Supreme Court Registry probe: Interim Report ready By Mark Ramotar
Guyana Chronicle
June 4, 2002

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THE first Interim Report from the joint-team conducting a probe into allegations of widespread corruption and financial impropriety at the Supreme Court Registry reveals that there are, indeed, financial impropriety and corruption at the agency. There is also a significant deficiency in its human resources, a top Government official announced last week.

Head of the Presidential Secretariat and Cabinet Secretary Dr. Roger Luncheon said that the Interim Report also revealed “widespread resistance to change”, specifically changes in the working habits and the practices of Government employees in that sector.

The Report also reveals problems with revenue collection, particularly the anticipated levels of revenue collection from the various Magisterial Districts, Luncheon said at his post-Cabinet news conference at the Office of the President last week.

Additionally, Luncheon said, the report identified significant human resources deficiencies and the consequences of those deficiencies in the Magisterial Districts.

In January this year, Luncheon had announced that joint teams, including CID officers, were to be deployed at the Supreme Court and Deeds Registries to probe allegations of widespread corruption. He said Cabinet on January 24 this year endorsed recommendations from a high-level crisis management meeting held at the Presidential Secretariat on January 21. The recommendations included setting up mechanisms to stem the tide of corruption and enhance the efficiency of the two agencies.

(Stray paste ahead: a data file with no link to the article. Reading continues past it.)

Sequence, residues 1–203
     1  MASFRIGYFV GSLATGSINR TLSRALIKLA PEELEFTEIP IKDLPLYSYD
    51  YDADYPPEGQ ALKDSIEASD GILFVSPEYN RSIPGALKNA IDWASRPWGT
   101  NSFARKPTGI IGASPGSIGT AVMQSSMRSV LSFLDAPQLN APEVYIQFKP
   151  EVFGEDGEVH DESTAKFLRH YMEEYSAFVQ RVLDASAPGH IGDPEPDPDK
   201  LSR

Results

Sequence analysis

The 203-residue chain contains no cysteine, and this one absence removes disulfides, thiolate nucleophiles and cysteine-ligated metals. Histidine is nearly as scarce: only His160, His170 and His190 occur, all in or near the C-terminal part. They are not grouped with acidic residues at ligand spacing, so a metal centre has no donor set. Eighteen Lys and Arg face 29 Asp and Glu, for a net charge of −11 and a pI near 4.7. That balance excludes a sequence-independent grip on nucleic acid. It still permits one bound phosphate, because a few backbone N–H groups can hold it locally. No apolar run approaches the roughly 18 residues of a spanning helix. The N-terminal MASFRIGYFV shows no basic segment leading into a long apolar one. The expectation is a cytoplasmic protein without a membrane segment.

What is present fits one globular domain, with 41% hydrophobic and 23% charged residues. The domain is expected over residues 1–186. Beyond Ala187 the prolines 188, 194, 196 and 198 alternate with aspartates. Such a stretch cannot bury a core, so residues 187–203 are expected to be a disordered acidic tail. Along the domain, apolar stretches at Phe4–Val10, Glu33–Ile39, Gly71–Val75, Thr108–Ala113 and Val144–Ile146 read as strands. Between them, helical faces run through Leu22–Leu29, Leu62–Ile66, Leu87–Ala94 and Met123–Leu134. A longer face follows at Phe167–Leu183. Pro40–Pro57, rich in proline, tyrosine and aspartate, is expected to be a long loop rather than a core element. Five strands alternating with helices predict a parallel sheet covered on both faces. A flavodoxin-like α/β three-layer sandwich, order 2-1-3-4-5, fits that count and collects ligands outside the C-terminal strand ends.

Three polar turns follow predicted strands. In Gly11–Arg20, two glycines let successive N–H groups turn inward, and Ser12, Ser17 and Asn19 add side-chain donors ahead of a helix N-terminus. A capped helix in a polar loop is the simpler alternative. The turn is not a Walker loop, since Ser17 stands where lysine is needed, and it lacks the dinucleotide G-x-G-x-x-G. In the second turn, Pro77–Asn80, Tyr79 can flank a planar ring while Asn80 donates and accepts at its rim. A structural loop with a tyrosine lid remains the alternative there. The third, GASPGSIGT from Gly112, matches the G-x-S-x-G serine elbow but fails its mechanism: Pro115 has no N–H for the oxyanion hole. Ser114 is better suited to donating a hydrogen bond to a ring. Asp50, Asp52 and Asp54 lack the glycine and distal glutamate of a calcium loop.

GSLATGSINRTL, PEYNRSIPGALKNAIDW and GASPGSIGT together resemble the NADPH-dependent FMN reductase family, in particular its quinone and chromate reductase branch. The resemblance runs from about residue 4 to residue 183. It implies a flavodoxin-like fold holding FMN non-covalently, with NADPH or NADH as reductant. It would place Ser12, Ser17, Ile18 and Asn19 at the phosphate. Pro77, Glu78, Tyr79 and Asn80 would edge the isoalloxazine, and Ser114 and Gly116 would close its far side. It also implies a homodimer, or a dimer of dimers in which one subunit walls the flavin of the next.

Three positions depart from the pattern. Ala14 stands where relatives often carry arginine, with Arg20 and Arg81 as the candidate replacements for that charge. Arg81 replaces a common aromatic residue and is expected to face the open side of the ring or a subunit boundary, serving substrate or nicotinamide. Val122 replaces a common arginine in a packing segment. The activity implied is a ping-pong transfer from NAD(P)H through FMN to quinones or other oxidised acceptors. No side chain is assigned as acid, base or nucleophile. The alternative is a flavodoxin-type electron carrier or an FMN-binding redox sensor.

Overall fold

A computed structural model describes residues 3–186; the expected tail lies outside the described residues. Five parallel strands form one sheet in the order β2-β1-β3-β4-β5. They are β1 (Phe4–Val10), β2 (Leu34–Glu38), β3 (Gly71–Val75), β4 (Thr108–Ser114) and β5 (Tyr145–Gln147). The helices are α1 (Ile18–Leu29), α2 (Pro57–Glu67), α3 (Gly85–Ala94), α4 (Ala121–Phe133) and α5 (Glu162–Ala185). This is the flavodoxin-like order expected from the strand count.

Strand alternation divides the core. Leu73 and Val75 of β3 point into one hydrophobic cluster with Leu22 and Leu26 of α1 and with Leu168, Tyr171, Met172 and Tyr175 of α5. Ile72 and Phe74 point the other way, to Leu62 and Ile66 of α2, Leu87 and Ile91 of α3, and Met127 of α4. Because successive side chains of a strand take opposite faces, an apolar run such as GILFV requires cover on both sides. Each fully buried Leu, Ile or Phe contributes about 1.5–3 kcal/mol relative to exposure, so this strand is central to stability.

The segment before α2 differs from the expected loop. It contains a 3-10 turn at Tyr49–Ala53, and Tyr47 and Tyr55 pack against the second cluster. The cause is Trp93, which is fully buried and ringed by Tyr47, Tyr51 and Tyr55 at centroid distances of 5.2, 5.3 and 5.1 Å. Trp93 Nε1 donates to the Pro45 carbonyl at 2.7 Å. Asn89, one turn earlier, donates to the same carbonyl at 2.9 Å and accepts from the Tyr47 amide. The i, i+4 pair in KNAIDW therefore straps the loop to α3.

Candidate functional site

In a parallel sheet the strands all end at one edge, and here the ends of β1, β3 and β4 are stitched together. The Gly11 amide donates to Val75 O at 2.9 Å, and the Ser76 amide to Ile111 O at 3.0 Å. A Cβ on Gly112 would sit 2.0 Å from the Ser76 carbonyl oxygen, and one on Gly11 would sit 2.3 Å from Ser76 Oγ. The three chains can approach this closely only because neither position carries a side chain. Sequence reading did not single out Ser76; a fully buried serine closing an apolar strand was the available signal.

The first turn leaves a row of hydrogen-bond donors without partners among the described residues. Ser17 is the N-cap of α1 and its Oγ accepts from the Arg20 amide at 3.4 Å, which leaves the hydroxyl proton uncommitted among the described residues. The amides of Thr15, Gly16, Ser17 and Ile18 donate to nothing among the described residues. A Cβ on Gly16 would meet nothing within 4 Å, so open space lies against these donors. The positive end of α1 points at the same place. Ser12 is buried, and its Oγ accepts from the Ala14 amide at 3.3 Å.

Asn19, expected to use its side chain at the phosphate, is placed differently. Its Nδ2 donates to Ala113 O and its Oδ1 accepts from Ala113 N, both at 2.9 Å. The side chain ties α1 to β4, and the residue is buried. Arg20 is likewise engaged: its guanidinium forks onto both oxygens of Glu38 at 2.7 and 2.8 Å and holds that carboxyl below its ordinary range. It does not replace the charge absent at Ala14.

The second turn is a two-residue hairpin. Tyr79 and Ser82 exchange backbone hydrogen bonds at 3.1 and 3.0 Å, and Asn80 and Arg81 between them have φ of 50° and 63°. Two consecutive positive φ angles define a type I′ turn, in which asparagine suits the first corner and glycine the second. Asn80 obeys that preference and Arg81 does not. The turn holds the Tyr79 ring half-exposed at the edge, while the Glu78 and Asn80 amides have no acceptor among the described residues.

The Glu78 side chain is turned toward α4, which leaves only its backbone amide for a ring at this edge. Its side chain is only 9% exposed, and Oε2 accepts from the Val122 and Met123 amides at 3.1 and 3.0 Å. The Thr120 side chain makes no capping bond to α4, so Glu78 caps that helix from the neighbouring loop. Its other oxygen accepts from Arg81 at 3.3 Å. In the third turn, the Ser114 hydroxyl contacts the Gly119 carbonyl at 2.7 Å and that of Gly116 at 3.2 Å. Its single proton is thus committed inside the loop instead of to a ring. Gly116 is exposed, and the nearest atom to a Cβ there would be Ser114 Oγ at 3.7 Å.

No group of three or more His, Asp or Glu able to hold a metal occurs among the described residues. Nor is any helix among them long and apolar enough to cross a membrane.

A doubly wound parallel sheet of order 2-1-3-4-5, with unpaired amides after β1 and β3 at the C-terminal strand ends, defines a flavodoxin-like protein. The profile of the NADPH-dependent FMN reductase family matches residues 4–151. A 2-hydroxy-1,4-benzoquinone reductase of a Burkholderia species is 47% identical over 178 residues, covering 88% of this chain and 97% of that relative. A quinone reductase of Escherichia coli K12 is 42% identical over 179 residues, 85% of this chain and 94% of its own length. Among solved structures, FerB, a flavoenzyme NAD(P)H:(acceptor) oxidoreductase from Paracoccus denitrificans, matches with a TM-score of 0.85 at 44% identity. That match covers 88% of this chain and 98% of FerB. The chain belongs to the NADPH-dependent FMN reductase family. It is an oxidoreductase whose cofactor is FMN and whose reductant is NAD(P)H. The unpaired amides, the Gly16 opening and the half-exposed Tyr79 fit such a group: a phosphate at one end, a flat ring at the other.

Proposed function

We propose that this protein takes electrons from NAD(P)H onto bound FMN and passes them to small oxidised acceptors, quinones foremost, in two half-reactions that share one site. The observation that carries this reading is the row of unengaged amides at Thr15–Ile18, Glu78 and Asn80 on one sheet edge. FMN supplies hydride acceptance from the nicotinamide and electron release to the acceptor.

Luncheon had said, too, that representatives from the Auditor General’s Department, the Accountant General’s Department and the Criminal Investigation Department (CID) of the Police Force would be working in collaboration to investigate allegations of corruption at the two agencies.

At his regular news conference last week, the Head of the Presidential Secretariat (HPS) told reporters that Cabinet had been presented with an Interim Report by the `crisis management team’ at the Supreme Court Registry.

He said that with regard to the Report’s first category of findings -- widespread resistance to change - “the Supreme Court crisis management committee’s policy guidelines and circulars were still too often being ignored and financial practices pending themselves to corruption were made much easier as a consequence”.

He said, too, that the regular and daily examinations of revenue collection in the various Magisterial Districts paint a picture of under- collection.

“There are (and) there have been, inexplicable contractions in the otherwise busy Magisterial Districts when compared to previous (revenue) collections,” Luncheon disclosed.

According to him, “the efforts of the administration to collect evidence to support its contention of collusion in the avoidance and the improper collection of revenue have so far been frustrated by the less than full support, cooperation and compliance of the staff in many of the (Magisterial) Districts”.